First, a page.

The Gloria begins with jarring bolts of energy and a breathtaking upward rush in both orchestra and chorus. It sounds like the Second Coming: Christ on rolling clouds of thunder. As depicted here, clearly God’s glory is his power before which all should tremble in awe. This must be the most electrifying Gloria ever written.

The Credo is the triumph of the will to believe. The act of belief almost seems more important than what is believed. Yet few composers have set the “Et incarnatus est” more exquisitely or movingly, or conceived a more triumphantly joyous “Et resurrexit.” Beethoven’s friends reported that they heard him howling and stamping at the piano as he worked on the great double fugue that ends this movement at the “Et vitam venturi.” To this promise of eternal life, the concluding Amens seem to resound endlessly.

The beginning of the Sanctus is quite unique. I have never heard a more mournful Sanctus. It is the wretched abjection of the unholy in the presence of the Most Holy—until hope erupts unexpectedly and joyfully in the “Pleni sunt caeli.” This movement, as it melds with the beautiful Benedictus, is the most seraphic of them all.

The Agnus Dei begins with a lament, the sinner before the Lamb. For its first third it expresses profoundly moving sorrow. Then consolation blissfully arrives and peace is triumphantly announced. But this inner peace is interrupted as pleas for mercy are made against the clamor of war, evoked by the martial passages in the brass and timpani. The threat to peace becomes external violence. Beethoven assembles another double fugue to extinguish this threat, and so the Missa ends.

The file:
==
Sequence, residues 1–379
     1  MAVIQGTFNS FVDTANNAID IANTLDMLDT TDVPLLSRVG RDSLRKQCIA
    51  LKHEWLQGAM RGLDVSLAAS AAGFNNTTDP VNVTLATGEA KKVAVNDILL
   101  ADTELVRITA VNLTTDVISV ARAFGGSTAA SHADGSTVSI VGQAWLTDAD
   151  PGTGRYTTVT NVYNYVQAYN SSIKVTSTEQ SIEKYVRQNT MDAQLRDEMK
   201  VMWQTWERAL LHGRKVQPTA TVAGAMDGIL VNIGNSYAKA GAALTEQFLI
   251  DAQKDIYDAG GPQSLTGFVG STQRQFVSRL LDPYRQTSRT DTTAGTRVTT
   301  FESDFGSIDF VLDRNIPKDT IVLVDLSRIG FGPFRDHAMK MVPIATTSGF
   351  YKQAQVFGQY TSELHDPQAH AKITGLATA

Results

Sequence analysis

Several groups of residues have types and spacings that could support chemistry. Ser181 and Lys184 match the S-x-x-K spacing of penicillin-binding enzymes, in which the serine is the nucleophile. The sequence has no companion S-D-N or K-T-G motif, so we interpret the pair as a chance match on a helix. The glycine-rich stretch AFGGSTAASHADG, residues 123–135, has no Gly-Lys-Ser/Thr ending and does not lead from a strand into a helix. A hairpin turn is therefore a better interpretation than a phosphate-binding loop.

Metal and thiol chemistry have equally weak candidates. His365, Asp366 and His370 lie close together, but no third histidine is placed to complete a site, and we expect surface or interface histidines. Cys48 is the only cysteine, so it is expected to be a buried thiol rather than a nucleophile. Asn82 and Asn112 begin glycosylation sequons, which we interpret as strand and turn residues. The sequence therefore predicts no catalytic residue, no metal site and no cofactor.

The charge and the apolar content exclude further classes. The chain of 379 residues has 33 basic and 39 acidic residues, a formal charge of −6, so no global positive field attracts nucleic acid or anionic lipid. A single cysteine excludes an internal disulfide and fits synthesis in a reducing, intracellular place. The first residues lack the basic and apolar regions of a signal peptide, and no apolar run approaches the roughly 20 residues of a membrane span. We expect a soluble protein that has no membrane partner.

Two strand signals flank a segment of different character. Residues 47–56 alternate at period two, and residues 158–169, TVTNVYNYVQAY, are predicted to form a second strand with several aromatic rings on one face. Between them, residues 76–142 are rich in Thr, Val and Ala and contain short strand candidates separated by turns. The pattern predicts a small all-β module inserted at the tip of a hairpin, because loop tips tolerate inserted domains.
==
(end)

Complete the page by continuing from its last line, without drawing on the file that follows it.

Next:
Beethoven had plans to write several more Masses and a requiem, but such was not to be. He died on March 27, 1827, during a violent storm. Shortly before, he had reluctantly received the last rites. After a flash of lightening and a clap of thunder, the expiring man lifted his fist and shook it at the elements. What had the deaf man heard? Did fate have the last Word?

Masterful Missas

Each of these recordings of the Missa reveals different aspects of this difficult work.

New Philharmonia Orchestra and Chorus, directed by Otto Klemperer (EMI CMS 7 69538 2). Klemperer’s monumental approach brings to this work an overwhelming massiveness and majesty, and a sense of inevitability. A deservedly legendary performance from a master-builder.

Vienna Philharmonic and three choirs, directed by James Levine (Deutsche Grammophon 435 770 2). James Levine’s is also a large-scaled performance, but a radiant one and highly expressive. Perhaps the most beautifully operatic rendering of this non-operatic Mass with an all-star cast.

The English Baroque Soloists and the Monteverdi Choir, directed by, John Eliot Gardiner (DG Archly 429 779 2). Anyone puzzled by my remarks about how terrifying Beethoven’s music can be should listen to this electrifying performance (made with small period forces). This kind of highly-charged approach may be hard to live with but has to be heard. This CD won the Gramophone Record of the Year Award in 1991.

Orchestre des Champs Elysses and the Choeurs de la Chapelle Royale et du Collegium Vocale, directed by Philippe Herreweghe (Harmonia Mundi HMC 901557). This has many of the merits of the Gardiner version but is less manic and easier to live with. The music sounds less willful and more normal. It also is beautifully done with period forces.

These CDs can be ordered through Eighth Day Books: 800-841-2541.

  • Robert R. Reilly

    Robert R. Reilly is the author of America on Trial: A Defense of the Founding, forthcoming from Ignatius Press.